About time too! Action against Nigerian fraudsters...

Discussion in 'CycleChat Cafe' started by swee'pea99, 13 Apr 2010.

  1. swee'pea99

    swee'pea99 Legendary Member

    Fresh from this morning's inbox:

    "I am Mrs. Farida Waziri the Present chairman of ECONOMIC & FINANCIAL CRIME COMMISSION (EFCC). EFCC in alliance with economic community of West African states (ECOWAS) with head Office here in Nigeria.

    We have been working towards the eradication of fraudsters and scam Artists in Western part of Africa With the help of United States Government and the United Nations.

    We have been able to track down so many of this scam artist in various parts of west African countries which includes (NIGERIA, REPUBLIC OF BENIN, TOGO, GHANA CAMEROON AND SENEGAL) and they are all in our custody here in Lagos Nigeria.

    We have been able to recover so much money from these scam artists. The United Nation Anti-crime commission and the United State Government have ordered the money recovered from the Spammers to be shared among 100 Lucky people around the globe.

    This email is being directed to you because your email address was found in one of the scam Artists file and computer hard disk in our custody here in Nigeria and with the information gathered from this Scam artist, we notice that you have been scammed of so much money and have decided to compensate you you with a little token to recover the lost of your fund.

    You are therefore being compensated with the total sum $2.5 Million Dollars. We have also arrested all those who claim that they are barristers, bank officials, Lottery Agents who has money for transfer or want you to be the next of kin of such funds which does not exist."


    It's all the more decent of them given that I haven't actually been scammed. Now if you'll excuse me...
     
  2. Simba

    Simba Specialized Allez 24 Rider

    They must think people are stupid
     
  3. Paulus

    Paulus Getting older by the minute

    Location:
    Barnet,
    Well, thats the end of them then:laugh: :biggrin:
     
  4. montage

    montage God Almighty

    Location:
    Bethlehem
  5. nigelb

    nigelb New Member

    Scary thing is that if there was no money to be made from scamming, people wouldn't bother.

    So, some people must I guess still be falling for a "Nigerian scam" derivitive - "you send me $100 and I'll send you a pack to get rich quick scamming others" sort of thing.

    Personally, I'd like to see each scam traced back to source, I'd like to see ISP's taken to task for the activities of their customers, we should remember that gratuitously trying to rip people off isn't acceptable "just because its a scam email". Make the person whose machine sent the email responsible, and we'd see people tightening up their security.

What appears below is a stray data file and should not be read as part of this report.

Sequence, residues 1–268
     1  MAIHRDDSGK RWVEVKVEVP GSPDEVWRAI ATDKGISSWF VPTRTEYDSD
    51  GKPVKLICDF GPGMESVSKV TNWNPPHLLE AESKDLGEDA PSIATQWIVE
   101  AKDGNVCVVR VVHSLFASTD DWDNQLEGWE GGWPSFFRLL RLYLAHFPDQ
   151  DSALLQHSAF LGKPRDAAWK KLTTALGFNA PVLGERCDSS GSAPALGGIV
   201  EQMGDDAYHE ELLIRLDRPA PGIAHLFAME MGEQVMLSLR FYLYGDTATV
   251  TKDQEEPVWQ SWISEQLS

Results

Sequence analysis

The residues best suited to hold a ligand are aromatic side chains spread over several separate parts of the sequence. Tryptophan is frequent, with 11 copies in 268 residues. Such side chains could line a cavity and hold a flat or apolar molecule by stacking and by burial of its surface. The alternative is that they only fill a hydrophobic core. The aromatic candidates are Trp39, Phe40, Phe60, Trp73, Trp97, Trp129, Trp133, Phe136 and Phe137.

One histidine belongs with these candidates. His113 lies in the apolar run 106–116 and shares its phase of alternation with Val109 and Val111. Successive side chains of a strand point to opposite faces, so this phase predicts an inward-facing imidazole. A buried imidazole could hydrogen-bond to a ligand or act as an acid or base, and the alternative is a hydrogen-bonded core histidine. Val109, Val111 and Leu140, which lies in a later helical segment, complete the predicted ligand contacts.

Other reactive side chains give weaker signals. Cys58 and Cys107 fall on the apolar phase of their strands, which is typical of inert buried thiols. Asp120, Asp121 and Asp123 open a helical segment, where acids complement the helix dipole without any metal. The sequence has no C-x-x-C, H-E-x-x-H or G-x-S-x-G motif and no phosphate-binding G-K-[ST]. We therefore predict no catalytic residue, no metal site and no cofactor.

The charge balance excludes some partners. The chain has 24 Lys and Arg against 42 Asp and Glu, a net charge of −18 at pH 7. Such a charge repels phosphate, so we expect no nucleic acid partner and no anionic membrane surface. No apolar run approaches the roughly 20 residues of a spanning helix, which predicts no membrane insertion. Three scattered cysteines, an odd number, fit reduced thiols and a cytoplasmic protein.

Nige
     
  6. ColinJ

    ColinJ It's a puzzle ...

    Quite!

    Someone I know once phoned me up in great excitement saying that they had won £25,000 on a lottery that they hadn't taken part in! Well, actually, they just said that they'd won but when I pointed out that I'd received a copy of a similar letter that morning and I hadn't entered the lottery, they admitted that they hadn't either... Even then, they refused to believe that it was a scam and accused me of being "too cynical"!
     
  7. buggi

    buggi Bird Saviour

    Location:
    Solihull
    i better warn my mother! she's likely to fall for this.
     
  8. slowmotion

    slowmotion Quite dreadful

    Location:
    lost somewhere
  9. Globalti

    Globalti Legendary Member

    It would be impossible to stamp it out; internet cafes all over Nigeria and Africa are full of people doing 419 all day. They know that it would only take one small success to make what, to them, is a fortune. I have a Lebanese customer in Lagos who says his sales and marketing staff do it all through their lunch break. He doesn't care.

    It's beginning to dawn on me that Nigerians do it to the rest of the world because it's an incredibly successful scam within Nigeria. In big cities like Lagos you have massive populations of people who have recently arrived from their village in the hope of making a fortune. There are hundreds of different frauds that can be perpetrated on them. It's very common as you go around Nigerian cities to see big hand-painted letters on the fronts of houses saying "This house is not for sale - beware 419" because so many people have been sold properties that don't actually belong to the seller. Just about every Nigerian you meet can tell you a heart rending story about how their savings were taken or somebody cheated or short-changed them.
     
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